If you’re looking for a laptop or a tablet, GetOnline@Home offers cheaper refurbished items to those in low-income households, who are disabled or in a community with limited access to technology. You can call 03719 100100 to get more information about whether you qualify for its scheme.

6. Find new ways to budget

If you’re on a budget, working with cash is always a failsafe way to keep on track, however, there are lots of tools out there that can help you manage your money, all without ever having to use any actual cash.

The online bank Monzo, winner of the Best Banking app at the British Bank Awards, offers lots of budgeting tools when you open an account with it. This includes offering virtual pots, where you can save cash, separate from your main account. You can also track your spending and set targets, all of which can help you keep to a budget.

I can personally vouch for this as it has helped me to improve my budgeting skills and, even though I never actually see the money, it feels rewarding keeping it in goal-orientated pots.

There are also apps available that are great for budgeting. Another award winner, Money Dashboard, allows you to connect your bank accounts, monitor spending and set budgets all from one handy app.

7. Keep physical records

While you probably won’t need them, it’s always wise to keep a paper copy of any important documentation. This can be handy in the unlikely event of a tech error.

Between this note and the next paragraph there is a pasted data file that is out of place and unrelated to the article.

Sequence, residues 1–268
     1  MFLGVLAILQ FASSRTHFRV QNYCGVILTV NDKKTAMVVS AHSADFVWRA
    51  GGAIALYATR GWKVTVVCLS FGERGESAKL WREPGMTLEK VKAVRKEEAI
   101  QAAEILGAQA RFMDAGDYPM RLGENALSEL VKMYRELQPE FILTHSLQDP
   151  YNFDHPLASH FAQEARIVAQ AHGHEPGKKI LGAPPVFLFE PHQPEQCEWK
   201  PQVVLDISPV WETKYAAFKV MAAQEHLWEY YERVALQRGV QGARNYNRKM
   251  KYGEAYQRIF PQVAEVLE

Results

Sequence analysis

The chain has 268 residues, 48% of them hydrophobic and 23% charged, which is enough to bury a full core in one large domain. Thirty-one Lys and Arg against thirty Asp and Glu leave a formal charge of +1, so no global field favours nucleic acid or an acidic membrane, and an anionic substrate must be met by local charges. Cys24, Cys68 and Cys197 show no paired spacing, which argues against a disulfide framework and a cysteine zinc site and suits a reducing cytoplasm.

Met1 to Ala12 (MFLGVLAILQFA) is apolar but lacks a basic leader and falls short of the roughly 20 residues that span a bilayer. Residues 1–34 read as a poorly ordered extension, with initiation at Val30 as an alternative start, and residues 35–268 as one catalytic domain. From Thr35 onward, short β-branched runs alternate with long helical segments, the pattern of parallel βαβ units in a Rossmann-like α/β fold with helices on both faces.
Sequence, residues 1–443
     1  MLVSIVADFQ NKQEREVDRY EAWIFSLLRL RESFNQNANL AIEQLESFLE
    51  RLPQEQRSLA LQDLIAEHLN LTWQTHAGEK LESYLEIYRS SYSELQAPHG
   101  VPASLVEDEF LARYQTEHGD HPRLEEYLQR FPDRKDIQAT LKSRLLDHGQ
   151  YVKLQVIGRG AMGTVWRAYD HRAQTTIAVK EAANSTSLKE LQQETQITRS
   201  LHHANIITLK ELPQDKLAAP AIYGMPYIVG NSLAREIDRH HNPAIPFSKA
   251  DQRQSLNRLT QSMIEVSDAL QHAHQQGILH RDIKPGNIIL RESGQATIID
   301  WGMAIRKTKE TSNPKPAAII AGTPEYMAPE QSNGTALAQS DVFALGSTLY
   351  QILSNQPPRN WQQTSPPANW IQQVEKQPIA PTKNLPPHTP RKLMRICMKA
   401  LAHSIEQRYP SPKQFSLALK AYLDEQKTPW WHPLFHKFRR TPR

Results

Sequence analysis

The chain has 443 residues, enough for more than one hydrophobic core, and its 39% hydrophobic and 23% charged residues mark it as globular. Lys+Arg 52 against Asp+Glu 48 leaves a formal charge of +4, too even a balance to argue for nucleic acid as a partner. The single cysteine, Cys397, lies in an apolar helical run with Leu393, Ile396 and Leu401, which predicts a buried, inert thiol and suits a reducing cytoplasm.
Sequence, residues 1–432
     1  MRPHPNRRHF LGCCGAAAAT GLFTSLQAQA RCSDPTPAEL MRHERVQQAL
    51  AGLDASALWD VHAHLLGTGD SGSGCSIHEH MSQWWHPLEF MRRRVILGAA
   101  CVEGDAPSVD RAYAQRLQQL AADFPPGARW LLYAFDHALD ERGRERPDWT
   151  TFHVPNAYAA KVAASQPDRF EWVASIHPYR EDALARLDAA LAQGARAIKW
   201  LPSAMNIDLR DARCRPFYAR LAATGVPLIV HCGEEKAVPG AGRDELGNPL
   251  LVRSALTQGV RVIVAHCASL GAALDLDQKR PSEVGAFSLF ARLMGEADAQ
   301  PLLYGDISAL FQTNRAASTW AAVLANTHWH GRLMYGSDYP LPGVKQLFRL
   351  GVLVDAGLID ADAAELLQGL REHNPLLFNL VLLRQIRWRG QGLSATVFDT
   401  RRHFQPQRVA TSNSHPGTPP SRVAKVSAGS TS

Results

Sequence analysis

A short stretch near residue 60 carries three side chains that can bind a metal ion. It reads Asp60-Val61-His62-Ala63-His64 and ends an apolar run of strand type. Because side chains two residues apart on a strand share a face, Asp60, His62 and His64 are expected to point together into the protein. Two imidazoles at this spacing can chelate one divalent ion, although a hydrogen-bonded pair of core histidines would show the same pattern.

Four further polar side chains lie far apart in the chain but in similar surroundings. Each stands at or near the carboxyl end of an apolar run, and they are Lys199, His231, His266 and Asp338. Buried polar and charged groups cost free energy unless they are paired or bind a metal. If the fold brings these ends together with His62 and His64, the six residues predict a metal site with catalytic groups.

I was advised by my financial adviser to keep statements and similar documents for at least six years, so I have a special file for these. I’ve not had cause to use them yet, but it does feel like a reassuring safety net.

8. And finally… Be patient with yourself

Adapting to a cashless society can take time. Be patient with yourself as you learn and practise using new technologies. As my work teaching digital skills showed me, the more you use them, the more confident you become.

I taught people who had never even used a computer before, eventually making Zoom calls with relatives in Australia, and switching to online banking. Try and incorporate your new skills into your everyday life and it will soon become second nature.

Jayne Cherrington-Cook

Written by Jayne Cherrington-Cook she/her


Jayne is the Senior Editor at Saga Exceptional. She cut her online journalism teeth 24 years ago in an era when a dialling tone and slow page load were standard. During this time, she’s written about a variety of subjects and is just at home road-testing TVs as she is interviewing TV stars. A diverse career has seen Jayne launch websites for popular magazines, collaborate with top brands, write regularly for major publications including Woman&Home, Yahoo! and The Daily Telegraph, create a podcast, and also write a tech column for Women’s Own.